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VE DAY: ‘Celebrate our modern-day heroes’

VE Day 75 Andover

Andover’s MP and the Leader of Test Valley Borough Council led tributes to our fallen heroes at 3:00pm today.

As part of a special three hour broadcast on 95.9FM Andover Radio, both Kit Malthouse MP and Councillor Phil North joined with archive material of Winston Churchill and King George VI from 1945 and paid tribute to wartime generations and those affected today by the devastating effects of Covid-19.

Talking of both his grandfathers who fought in the war, MP Kit Malthouse said, “Theirs was a generation which fought bravely and bore its privations and economic chaos which followed with dignity and stoicism.

“It’s the same dignity and stoicism that we must face now as a generation as we face this this terrible Covid-19 crisis.

“I hope you will reflect on the strength and courage of that generation and bring it to your own life
as you live under what remains of the lockdown, and the difficulties that will undoubtedly follow.

Mr Malthouse added that it’s important to keep the events of the past alive, “Maintaining our collective memory for future generations to ensure such a conflict never happens again.”

He concluded, “As you toast those heroes of the past, I hope you will look to the heroes of today.”

Andover Radio suspended ‘normal programming’ to look back to the music and memories of May 8th 1945. Martin Miller hosted a programme which celebrated the music of the era with songs from artists like Gracie Fields, Tommy Dorsey and of course, American band leader Glenn Miller.

Following an abridged version of the original broadcast made by Winston Churchill from Downing Street at 3:00PM seventy-five years ago, council leader Phil North of Test Valley gave a ‘Toast to the Nation’.

Cllr North’s speech is below, in full:

Today us Victory in Europe Day, which this year marks seventy five years since the allied armies reclaimed our continent to liberty.

Prior to this and to borrow the words of Ronald Reagan “Europe had been under a terrible shadow“.

Free nations had fallen, Jews cried out in the camps, millions cried out for liberation, Europe was enslaved and the world prayed for its rescue.

On the 8th of May 1945, that rescue was complete. Adolf Hitler committed suicide in his bunker in the early in the week earlier and the act of military surrender was signed in Reims. Although in Eastern Europe the horrors of national socialism gave way to another murderous tyranny, western Europe was free.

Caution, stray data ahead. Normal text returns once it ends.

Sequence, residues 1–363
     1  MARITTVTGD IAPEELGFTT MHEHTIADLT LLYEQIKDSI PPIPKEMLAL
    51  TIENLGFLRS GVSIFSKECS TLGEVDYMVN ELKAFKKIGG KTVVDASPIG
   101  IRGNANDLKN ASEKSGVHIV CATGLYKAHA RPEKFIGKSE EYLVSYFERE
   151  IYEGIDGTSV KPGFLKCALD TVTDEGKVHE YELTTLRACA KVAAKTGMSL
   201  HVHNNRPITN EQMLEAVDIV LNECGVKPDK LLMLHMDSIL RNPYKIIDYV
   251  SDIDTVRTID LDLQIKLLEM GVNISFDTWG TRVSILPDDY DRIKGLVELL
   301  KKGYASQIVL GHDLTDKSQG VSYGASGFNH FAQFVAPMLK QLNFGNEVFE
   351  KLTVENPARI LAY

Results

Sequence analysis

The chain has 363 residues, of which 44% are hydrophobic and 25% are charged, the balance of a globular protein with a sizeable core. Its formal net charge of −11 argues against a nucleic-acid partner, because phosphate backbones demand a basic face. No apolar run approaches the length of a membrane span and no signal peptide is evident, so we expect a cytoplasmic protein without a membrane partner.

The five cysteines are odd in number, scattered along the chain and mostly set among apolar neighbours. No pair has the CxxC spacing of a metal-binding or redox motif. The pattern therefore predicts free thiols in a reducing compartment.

How ironic then that we can’t celebrate that hard won freedom like they did in 1945 with mass gatherings street parties and the lighting of beacons.

But our current predicament doesn’t mean that we shouldn’t celebrate the heroes of World War Two.

Indeed, just as we’ve been celebrating our modern day heroes but coming out of our houses and clapping every Thursday evening. We can all take part in today’s commemorations from the comfort of our own homes.

As the queen said in her recent broadcast: ‘The pride in who we are is not just part of our past, it defines our present, and our future.’

And the response to the current coronavirus crisis typifies that pride, whether it’s our brave doctors and nurses on the frontline, our carers camping in retirement homes to ensure they remain Covid-free zones. Community groups and parishes across Test Valley collecting prescriptions, doing shopping or running errands on behalf of vulnerable people. Our keyworkers keeping our supply chains going and our shop workers ensuring there is food on the shelves or simply by all of us staying in, and saving lives.

We are making progress in our national battle against coronavirus but only because we all forming a human shield around the NHS by observing the rules on social distancing and protecting the most vulnerable from needing to go out.

And although we seem to have passed the peak, this is the moment of maximum risk.

So, lets all follow the advice, stay at home protect the NHS and save lives or as Winston Churchill would have said during the second World War ‘keep buggering on‘.

But today we stop, reflect, and thank those heroes of World War Two.

So, I’d be grateful if you could also join me in the toast to the nation, and the toast is:

“To those who gave so much, we thank you.”

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